The M1 stands apart from other, even faster BMWs for two reasons: its supercar status and its position as the sole mid-engined BMW mass produced. The famous twin-cam M881 3.5-liter inline six-cylinder naturally aspirated engine possessed four valves per cylinder and a horsepower output of 277 — not an astronomical number, even by 1970s standards.
0-60 for the production M1 came in around 5.5 seconds, with a top speed of 160 MPH (while the Lamborghini Countach LP 400S was hitting 180+). In modified race form, the M1 delivered increased horsepower, with some versions pumping out as much as 850 horses. Now that’s more like it; but if anything near that number had made it into the production car (an automotive wet dream), it would likely have detracted from the M1s remarkable drivability.
As wonderful as the clean exterior design of the M1 was, the interior was stark and very teutonically businesslike. The oftentimes all-black interior bore no creature comforts. The huge rectangular instrument binnacle, unsexy shifter for the ZF 5-speed transmission, and huge chunks of ill-shaped door trim were not at all attractive. To be fair, this was not uncommon in the supercar world at that time; at least it was purposeful and, needless to say, made no claims for distracting you from the driving experience. At the very least, you could actually see outside the car. The M1’s visibility was fairly impressive, and this in spite of the mid-engine design.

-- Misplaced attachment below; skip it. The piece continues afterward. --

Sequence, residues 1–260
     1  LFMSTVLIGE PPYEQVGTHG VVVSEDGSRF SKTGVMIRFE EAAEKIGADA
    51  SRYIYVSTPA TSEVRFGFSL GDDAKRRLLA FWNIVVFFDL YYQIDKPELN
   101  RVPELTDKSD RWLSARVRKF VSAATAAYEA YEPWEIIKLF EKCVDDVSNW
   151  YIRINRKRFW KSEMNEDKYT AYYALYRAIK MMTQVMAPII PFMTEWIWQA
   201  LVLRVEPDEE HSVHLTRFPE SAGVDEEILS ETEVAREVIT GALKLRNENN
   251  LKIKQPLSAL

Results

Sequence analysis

Its Place in History
In the end, the production of the M1 was a bust. Only 456 were built, and BMW pulled the plug on the project. The M1 will never go down in the record books as the fastest or best-looking supercar, nor even as mildly race-winning. But the car drove extremely well, and that’s what impresses anyone who drives it, even decades after its production ended. It’s tractable, decently quick and handles incredibly, even at high speeds. There’s no invasive technology, no unmanageable, unbridled power — only the smooth, high-revving inline six engine and a wonderful chassis that allows you to feel your every input. Aside from ergonomic issues like the clutch being situated too far to the right, the car’s engineering was virtually flawless. It’s also a remarkably comfortable tourer, despite the lack of a cushy interior, and with an insanely large fuel tank (31 gallons!), lucky drivers can take it for one long, utterly pleasurable ride. Perhaps most importantly, the M1 marked the beginning of the illustrious BMW Motorsport division and led to the M cars we would know and love for the next forty years. Without having set a single record, the car is famous the world over.
Though this level of driving purity will never be reproduced in a BMW supercar again, there are high hopes that the German automaker will put its money where its mouth is by resurrecting this legendary name. Word on the street is that it will come (and soon), and that it will likely echo some of the same lines as the original, remarkable M1. We should be so lucky.